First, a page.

When you visit the Wye Valley and the Forest of Dean this summer, you will be spoilt for choice...
It is currently National Gardening Week and there are few better places in the country to celebrate it than Devon.
As the third largest county in England, Devon is the destination of choice for anyone looking for a staycation holiday filled with beautiful, unspoiled countryside.
With spring well underway, Devon’s gardens are alive with colour and smells. Being the only county in the country to have two coastlines and boasting some of the finest rural areas in England, there are a great deal of nature-based days out to enjoy.
But few are as traditional, relaxing and picturesque as a visit to the best gardens in Devon. Whether you are looking for rugged and wild areas, fun-filled family days out with amusements and attractions or a walks through history, let us show you the best gardens in Devon to visit during National Gardening Week.
Lady Anne Palmer and her mother made Rosemoor their home back in 1931, when they described the garden as ‘dull and labour intensive’. Now the gardens offer something for everyone across its 65 acres including the Woodland Walks, Lady Anne’s arboretum amongst the ornamental shrubs, perennials, roses, fruit and veg patches, a hot garden and many more. Rosemoor is continuously developing and planting new and exciting flora, including an orchard of heritage Devon apples.
Situated on the banks of the River Exe, Powderham Castle is just a short drive from the historic cathedral city of Exeter. Its stunning deer park is one of Devon’s finest sights in the spring and summer sun.
More than a million people have visited the castle and its gardens since opening to visitors in 1959, where you can explore the rose garden and chapel, the American woodland, Pet’s corner and the 600 years of history within the castle walls.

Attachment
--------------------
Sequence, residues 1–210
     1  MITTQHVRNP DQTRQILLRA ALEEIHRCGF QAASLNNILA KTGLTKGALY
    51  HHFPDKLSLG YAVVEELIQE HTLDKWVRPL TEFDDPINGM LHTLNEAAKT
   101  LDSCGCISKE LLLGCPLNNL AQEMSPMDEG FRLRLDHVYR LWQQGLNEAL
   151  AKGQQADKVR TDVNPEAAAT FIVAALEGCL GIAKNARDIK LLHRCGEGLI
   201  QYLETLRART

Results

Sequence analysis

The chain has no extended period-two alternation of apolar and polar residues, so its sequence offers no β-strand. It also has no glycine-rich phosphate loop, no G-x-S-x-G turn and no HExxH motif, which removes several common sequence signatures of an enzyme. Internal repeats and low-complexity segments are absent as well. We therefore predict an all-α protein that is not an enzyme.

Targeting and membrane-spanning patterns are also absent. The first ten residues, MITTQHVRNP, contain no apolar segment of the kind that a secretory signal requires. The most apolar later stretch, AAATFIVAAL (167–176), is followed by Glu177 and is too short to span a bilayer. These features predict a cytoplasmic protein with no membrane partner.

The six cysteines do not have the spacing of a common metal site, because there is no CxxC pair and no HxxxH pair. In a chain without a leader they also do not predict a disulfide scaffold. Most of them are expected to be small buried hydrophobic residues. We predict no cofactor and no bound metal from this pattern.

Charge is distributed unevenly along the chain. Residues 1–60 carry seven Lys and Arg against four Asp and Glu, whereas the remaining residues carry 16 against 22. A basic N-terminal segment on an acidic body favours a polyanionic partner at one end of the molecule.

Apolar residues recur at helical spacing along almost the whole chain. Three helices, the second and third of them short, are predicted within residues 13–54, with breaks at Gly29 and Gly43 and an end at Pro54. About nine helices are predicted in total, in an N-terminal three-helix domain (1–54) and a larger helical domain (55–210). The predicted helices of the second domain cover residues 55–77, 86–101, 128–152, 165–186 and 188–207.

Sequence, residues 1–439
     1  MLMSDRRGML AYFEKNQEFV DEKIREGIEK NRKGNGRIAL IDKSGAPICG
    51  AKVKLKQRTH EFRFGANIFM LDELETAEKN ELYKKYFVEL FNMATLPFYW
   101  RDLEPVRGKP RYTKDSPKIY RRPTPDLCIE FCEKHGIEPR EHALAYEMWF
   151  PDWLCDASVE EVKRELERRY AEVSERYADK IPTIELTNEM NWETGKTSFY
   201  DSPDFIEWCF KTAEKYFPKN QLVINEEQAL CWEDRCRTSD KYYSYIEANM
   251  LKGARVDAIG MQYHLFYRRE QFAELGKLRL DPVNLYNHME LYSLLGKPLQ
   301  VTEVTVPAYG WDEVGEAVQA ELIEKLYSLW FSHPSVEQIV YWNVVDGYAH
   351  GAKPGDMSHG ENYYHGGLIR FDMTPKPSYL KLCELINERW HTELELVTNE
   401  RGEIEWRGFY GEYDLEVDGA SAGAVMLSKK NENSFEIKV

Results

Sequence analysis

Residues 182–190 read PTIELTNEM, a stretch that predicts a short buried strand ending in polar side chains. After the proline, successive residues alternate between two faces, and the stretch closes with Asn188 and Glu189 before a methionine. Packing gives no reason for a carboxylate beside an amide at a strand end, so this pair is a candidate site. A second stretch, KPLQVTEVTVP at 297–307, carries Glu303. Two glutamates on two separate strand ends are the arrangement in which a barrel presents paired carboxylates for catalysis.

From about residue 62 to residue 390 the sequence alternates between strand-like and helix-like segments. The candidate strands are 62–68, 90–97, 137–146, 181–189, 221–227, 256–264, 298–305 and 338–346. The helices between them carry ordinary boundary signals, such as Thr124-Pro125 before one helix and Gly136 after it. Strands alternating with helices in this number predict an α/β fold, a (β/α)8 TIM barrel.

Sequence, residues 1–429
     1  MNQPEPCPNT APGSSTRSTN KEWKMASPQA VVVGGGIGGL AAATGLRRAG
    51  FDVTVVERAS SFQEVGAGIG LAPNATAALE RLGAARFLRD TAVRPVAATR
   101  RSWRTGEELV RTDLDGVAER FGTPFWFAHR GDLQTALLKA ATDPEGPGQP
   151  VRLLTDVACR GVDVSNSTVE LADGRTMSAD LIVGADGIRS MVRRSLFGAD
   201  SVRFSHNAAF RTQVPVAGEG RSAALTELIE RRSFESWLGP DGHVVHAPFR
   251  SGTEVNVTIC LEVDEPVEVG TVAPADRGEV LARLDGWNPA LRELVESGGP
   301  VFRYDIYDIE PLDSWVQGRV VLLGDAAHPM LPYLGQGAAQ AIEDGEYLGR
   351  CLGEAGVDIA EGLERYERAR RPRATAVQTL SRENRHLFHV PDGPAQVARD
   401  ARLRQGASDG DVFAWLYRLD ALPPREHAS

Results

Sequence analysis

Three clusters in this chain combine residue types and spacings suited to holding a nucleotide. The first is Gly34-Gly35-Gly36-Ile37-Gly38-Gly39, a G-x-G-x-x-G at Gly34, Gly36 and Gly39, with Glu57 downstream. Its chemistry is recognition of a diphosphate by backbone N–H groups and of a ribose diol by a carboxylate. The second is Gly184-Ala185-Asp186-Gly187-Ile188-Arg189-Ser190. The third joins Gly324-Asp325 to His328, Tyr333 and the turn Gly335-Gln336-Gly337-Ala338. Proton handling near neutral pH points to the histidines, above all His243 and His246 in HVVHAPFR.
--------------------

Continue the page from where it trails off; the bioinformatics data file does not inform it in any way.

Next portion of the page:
The Fast Rabbit Farm Gardens are perfect for anyone looking for traditional, spacious and colourful gardens.
Just three miles from Dartmouth the owners decided to create a garden within the shelter of the Strawberry Valley which now spans 42 acres.
Deliberately kept wild and full of plants native to this corner of Devon, you can peacefully walk along paths taking you past rivers, streams, lakes and even waterfalls. The rhododendrons are currently in full flower, as the gardens spring to life.
Opening in 1975, the Beer Heights Light Railway – which has been the main attraction at Pecorama – only had a very small garden area before horticulturist Arthur Faulkner helped to introduce the colourful and dynamic spaces that can be enjoyed today.
The Millennium Gardens were created to celebrate the Millennium and include a Sun, Moon and Rainbow garden where you can relax in the roof garden, amble down the scented walkways and the snake path while being amazed by the incredible attention to detail.
If you are looking for tranquillity then be on the look for the Secret Garden, hidden somewhere within the Pecorama gardens.
While there are beautiful walks across Devon, if you are looking for a garden filled with vibrant plants and designs, you won’t be short of options during your stay at a luxury holiday cottage in Devon.
Image Credit: Kerry Garratt